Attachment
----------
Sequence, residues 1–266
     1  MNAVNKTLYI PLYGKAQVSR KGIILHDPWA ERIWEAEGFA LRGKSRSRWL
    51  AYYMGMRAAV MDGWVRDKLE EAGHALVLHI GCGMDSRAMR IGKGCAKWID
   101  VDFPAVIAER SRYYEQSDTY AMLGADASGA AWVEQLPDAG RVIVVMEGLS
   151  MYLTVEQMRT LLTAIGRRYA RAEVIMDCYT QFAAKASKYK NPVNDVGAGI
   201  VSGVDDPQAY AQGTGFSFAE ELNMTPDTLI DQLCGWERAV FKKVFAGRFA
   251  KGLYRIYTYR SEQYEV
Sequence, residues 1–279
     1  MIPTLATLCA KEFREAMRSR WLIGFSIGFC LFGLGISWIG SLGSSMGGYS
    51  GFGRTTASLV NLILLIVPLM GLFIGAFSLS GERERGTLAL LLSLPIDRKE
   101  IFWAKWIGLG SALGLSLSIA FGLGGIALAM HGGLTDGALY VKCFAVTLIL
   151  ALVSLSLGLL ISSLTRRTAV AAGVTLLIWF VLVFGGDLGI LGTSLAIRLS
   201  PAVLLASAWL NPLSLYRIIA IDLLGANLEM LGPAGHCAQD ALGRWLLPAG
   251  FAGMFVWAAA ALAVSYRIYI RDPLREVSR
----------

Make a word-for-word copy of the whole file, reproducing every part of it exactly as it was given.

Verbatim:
Sequence, residues 1–266
     1  MNAVNKTLYI PLYGKAQVSR KGIILHDPWA ERIWEAEGFA LRGKSRSRWL
    51  AYYMGMRAAV MDGWVRDKLE EAGHALVLHI GCGMDSRAMR IGKGCAKWID
   101  VDFPAVIAER SRYYEQSDTY AMLGADASGA AWVEQLPDAG RVIVVMEGLS
   151  MYLTVEQMRT LLTAIGRRYA RAEVIMDCYT QFAAKASKYK NPVNDVGAGI
   201  VSGVDDPQAY AQGTGFSFAE ELNMTPDTLI DQLCGWERAV FKKVFAGRFA
   251  KGLYRIYTYR SEQYEV
Sequence, residues 1–279
     1  MIPTLATLCA KEFREAMRSR WLIGFSIGFC LFGLGISWIG SLGSSMGGYS
    51  GFGRTTASLV NLILLIVPLM GLFIGAFSLS GERERGTLAL LLSLPIDRKE
   101  IFWAKWIGLG SALGLSLSIA FGLGGIALAM HGGLTDGALY VKCFAVTLIL
   151  ALVSLSLGLL ISSLTRRTAV AAGVTLLIWF VLVFGGDLGI LGTSLAIRLS
   201  PAVLLASAWL NPLSLYRIIA IDLLGANLEM LGPAGHCAQD ALGRWLLPAG
   251  FAGMFVWAAA ALAVSYRIYI RDPLREVSR